It is three weeks today since Mohamed Bouazizi lit the flame in Tunisia. How are we to regard the events since then? How should we characterise them?
Writing for the Guardian last week, I used the word "uprising", though I can't say I gave it a lot of thought at the time. Based on what I knew then, "uprising" seemed the obvious choice – and it still does if you need to boil it all down to a single word.
Yesterday, writing for Le Temps, French journalist Christophe Ayad gave a slightly longer description: "Pas encore une révolution, mais plus qu’une révolte" (Not yet a revolution but more than a revolt.) That, too, seems a fair summary.
But note the "not yet" bit. What we are seeing now may not be a revolution in itself, but its precursor. Personally, I do think a revolution of sorts is coming and will be surprised if the Ben Ali regime is still in place two or three years hence – for the simple reason that it's incapable of adapting. The protesters' grievances cannot be addressed in any meaningful way while it remains in power, and the clear message from the Tunisian people is that they have had enough.
This may seem a difficult point for the world outside to grasp – especially the Americans. How do the events in Tunisia mesh with the "forward strategy of freedom" (militarised and heavily overlaid with international politics) that George Bush used to talk about? They don't – and that's their beauty.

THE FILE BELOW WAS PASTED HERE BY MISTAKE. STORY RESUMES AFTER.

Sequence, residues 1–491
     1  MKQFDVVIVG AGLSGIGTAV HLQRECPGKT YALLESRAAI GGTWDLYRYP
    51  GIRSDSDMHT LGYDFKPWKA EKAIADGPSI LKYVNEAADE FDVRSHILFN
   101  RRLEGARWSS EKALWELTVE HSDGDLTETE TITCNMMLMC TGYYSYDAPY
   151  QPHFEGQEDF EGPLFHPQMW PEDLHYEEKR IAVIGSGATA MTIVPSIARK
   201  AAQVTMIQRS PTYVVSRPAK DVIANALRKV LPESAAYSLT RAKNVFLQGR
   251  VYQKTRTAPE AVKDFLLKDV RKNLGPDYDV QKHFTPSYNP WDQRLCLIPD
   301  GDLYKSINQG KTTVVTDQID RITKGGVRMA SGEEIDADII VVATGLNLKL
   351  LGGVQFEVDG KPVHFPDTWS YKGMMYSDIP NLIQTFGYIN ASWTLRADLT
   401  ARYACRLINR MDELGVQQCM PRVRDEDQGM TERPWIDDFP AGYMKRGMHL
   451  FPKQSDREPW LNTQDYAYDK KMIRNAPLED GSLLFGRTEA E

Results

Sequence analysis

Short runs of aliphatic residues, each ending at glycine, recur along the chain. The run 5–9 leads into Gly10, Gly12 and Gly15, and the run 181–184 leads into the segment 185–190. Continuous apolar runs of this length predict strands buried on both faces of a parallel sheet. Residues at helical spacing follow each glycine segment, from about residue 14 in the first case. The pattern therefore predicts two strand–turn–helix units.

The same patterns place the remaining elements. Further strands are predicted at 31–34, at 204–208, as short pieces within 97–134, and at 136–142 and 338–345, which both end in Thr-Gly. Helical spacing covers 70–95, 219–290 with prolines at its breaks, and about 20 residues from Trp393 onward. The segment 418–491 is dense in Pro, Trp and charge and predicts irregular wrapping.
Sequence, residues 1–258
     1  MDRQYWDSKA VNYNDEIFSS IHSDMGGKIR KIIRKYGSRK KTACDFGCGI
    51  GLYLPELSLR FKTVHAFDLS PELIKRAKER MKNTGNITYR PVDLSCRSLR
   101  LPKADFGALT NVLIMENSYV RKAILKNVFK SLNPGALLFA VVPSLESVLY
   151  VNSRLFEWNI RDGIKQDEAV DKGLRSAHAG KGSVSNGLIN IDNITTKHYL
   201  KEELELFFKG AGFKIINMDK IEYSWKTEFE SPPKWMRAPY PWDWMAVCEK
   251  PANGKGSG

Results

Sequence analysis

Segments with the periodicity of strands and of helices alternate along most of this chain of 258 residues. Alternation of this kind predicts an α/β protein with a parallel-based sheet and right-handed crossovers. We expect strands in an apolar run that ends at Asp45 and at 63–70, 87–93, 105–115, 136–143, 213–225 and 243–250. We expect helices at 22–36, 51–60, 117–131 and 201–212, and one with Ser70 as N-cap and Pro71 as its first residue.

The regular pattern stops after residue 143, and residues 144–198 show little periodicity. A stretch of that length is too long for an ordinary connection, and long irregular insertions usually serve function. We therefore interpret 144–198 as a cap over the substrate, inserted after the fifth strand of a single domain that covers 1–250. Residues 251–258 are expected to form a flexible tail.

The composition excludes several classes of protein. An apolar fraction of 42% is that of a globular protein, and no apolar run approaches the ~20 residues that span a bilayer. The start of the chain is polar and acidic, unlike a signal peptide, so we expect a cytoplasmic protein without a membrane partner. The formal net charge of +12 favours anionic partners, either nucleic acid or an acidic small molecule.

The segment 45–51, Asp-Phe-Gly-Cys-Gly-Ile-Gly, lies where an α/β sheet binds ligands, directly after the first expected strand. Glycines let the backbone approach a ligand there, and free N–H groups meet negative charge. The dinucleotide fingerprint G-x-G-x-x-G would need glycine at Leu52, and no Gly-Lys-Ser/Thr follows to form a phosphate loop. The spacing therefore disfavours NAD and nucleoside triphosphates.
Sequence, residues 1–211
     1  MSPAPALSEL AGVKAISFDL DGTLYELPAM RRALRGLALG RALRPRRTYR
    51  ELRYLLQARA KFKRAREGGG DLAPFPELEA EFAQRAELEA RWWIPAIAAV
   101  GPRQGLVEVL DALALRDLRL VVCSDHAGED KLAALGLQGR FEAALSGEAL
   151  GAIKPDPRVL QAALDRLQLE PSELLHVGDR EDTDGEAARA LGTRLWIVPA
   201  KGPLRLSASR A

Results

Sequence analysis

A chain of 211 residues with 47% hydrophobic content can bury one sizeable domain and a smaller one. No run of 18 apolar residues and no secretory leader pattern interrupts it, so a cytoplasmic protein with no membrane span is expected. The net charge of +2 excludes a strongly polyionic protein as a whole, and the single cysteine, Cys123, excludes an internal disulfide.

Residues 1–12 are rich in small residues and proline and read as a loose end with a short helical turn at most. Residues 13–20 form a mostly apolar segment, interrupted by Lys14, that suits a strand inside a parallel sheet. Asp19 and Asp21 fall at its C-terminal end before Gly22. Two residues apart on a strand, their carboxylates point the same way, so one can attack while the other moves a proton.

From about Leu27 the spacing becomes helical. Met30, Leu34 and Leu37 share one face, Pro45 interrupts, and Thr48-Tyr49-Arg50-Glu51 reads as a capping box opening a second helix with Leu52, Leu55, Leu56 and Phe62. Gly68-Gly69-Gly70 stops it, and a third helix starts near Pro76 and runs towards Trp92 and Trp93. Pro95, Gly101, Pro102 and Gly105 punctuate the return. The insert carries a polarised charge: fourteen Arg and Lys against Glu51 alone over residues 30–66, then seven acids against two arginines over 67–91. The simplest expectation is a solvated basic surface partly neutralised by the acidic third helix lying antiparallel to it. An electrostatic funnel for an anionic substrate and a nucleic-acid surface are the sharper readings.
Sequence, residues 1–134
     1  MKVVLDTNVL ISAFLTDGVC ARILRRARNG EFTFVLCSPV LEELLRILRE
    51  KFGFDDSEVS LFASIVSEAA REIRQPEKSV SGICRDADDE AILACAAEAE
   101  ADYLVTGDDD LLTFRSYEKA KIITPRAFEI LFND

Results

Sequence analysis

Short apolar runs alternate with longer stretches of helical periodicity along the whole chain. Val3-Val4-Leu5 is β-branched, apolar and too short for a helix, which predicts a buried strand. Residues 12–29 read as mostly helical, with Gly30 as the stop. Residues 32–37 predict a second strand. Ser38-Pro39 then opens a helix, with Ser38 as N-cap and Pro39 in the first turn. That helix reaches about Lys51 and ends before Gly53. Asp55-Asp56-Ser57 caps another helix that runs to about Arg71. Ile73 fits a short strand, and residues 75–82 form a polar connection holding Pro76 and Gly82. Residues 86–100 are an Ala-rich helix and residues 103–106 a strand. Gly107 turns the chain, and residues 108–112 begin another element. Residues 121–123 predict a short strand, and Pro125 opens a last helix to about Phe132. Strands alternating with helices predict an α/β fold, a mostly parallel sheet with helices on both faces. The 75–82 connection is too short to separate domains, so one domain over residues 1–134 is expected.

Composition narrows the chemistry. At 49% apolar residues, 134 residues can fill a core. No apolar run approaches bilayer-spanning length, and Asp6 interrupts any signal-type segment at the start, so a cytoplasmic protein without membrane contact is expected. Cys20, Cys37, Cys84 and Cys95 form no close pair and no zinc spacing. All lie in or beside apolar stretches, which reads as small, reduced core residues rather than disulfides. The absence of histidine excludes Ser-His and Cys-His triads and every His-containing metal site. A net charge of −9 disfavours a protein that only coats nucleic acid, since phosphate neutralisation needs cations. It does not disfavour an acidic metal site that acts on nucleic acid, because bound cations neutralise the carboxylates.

Also, Tunisia isn't a case of Tsvangirai versus Mugabe, Yushchenko versus Yanukovych or Ouattara versus Gbagbo. Organised political parties are irrelevant here, as they are these days in most of the Arab world. Nor is there a charismatic figure that the media can easily latch on to, like Aung San Suu Kyi in Burma or Lech Walesa in the Polish shipyards. In that respect, Tunisia 2011 looks more like Paris 1968, with a random assortment of students and trade unionists in the vanguard plus – to bring it up right to date – a collection of Twitterers, Facebook users and tech-savvy cyber warriors.
Will it be suppressed like Paris 1968? Somehow, I doubt it. For one thing, the protests are more widespread and the grievances more deeply felt. Others are less sanguine about that. On the Arabist blog, Issandr El Amrani suggests Ben Ali is unlikely to be dislodged without a strong diplomatic push from the EU, and he quotes several articles that are considerably more sceptical than I am.
But let's turn now to another description. Writing in Foreign Policy, Marc Lynch talks of "Obama's Arab Spring" (with a carefully-placed question mark after it) and links the developments in Tunisia to others in Jordan, Kuwait and Egypt. (We might also include Algeria where there are reports of Tunisian-style disturbances too.)
Why Obama has to be brought into it, I haven't the faintest idea. The Tunisian protesters aren't doing it for Obama's sake and as far as I'm concerned the longer he keeps his nose out, the better. American support at this stage is more likely to hinder than help, though I wouldn't object to a final nudge from the White House when Ben Ali is on the brink of toppling.